Lebanon’s government legalized medical cannabis on April 21, making it the first Arabic-speaking country to permit growing and consuming marijuana in some form. Under the new law, which was opposed by Hezbollah representatives, state-licensed growers can supply medical facilities and industries. Cannabis is expected to be a boon for Lebanon’s struggling economy. Recreational growing and use, however, remain illegal.
The bill was years in the making. Serious consideration started in 2018 after a report from the American consulting group McKinsey listed cannabis as a primary way to improve Lebanon’s economic outlook alongside banking and tourism. Parliamentary committees endorsed the law in March of this year, though additional legislation to reduce sentences or release people in prison for cannabis convictions is still under review, Newsweek reported.
Lebanon’s illegal cultivation is known around the world, especially the cannabis from the Bekaa Valley in the eastern part of the country near Syria. Just last month, Lebanese security forces reported seizing 25 tons of cannabis there — the largest bust in the country’s history. Well-armed growers frequently clash with authorities, according to a 2018 story from The Guardian, but lawmakers are “sympathetic to calls for legalization.”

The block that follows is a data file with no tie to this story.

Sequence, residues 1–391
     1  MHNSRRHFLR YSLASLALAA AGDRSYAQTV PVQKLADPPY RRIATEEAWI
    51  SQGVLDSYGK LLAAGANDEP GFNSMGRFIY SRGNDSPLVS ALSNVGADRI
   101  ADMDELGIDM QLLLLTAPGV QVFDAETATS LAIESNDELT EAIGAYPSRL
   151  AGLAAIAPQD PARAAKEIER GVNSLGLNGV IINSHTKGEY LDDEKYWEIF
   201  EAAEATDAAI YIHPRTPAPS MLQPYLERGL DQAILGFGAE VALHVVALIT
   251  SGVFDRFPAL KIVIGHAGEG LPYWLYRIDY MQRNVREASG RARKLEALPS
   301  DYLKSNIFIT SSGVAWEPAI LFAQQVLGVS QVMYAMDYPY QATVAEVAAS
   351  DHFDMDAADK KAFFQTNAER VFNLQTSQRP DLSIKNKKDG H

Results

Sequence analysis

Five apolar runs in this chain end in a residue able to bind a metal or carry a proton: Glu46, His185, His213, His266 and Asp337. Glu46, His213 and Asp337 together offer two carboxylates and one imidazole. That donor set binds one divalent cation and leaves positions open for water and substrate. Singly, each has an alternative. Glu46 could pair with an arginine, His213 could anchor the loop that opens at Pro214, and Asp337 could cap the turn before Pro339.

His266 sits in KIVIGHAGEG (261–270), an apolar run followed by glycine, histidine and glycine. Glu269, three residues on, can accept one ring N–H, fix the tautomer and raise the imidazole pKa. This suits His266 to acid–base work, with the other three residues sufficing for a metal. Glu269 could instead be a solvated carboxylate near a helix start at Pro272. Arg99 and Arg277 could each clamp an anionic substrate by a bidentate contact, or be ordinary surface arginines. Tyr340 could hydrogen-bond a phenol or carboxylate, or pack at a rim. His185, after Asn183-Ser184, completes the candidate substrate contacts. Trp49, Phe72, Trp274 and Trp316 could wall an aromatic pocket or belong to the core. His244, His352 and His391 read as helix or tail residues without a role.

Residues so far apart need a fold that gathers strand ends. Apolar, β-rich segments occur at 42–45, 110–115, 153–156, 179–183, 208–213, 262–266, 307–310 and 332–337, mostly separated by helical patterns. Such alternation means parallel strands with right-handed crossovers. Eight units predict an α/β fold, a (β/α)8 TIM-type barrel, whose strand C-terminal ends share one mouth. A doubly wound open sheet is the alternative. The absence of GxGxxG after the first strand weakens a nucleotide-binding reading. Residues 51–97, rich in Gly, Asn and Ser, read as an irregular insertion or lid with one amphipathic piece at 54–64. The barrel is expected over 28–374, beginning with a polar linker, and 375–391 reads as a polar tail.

Cannabis has a long history in the Bekaa Valley, dating back to the 16th century. During the Lebanese civil war from 1975 to 1990, it’s estimated that 2,000 tons of Bekaa Valley cannabis a year was smuggled out of the country. By 2018, according to The Guardian, cannabis brought in between $175 and $200 million a year from illegal exports. The UN Office on Drugs and Crime listed Lebanon as the third-largest exporter of cannabis resin in the world. And it has a good reputation: In 2018, the Lebanese minister for economy and trade at the time told Bloomberg that Lebanese cannabis “is one of the best in the world.”
This, of course, isn’t likely to be the cannabis legalized by the new law. Government-approved growers will provide pharmaceutical cannabis, wellness products, CBD, and industrial products like plant fibers. While details still need to be hashed out, estimates put Lebanon’s potential cannabis industry value at around $1 billion.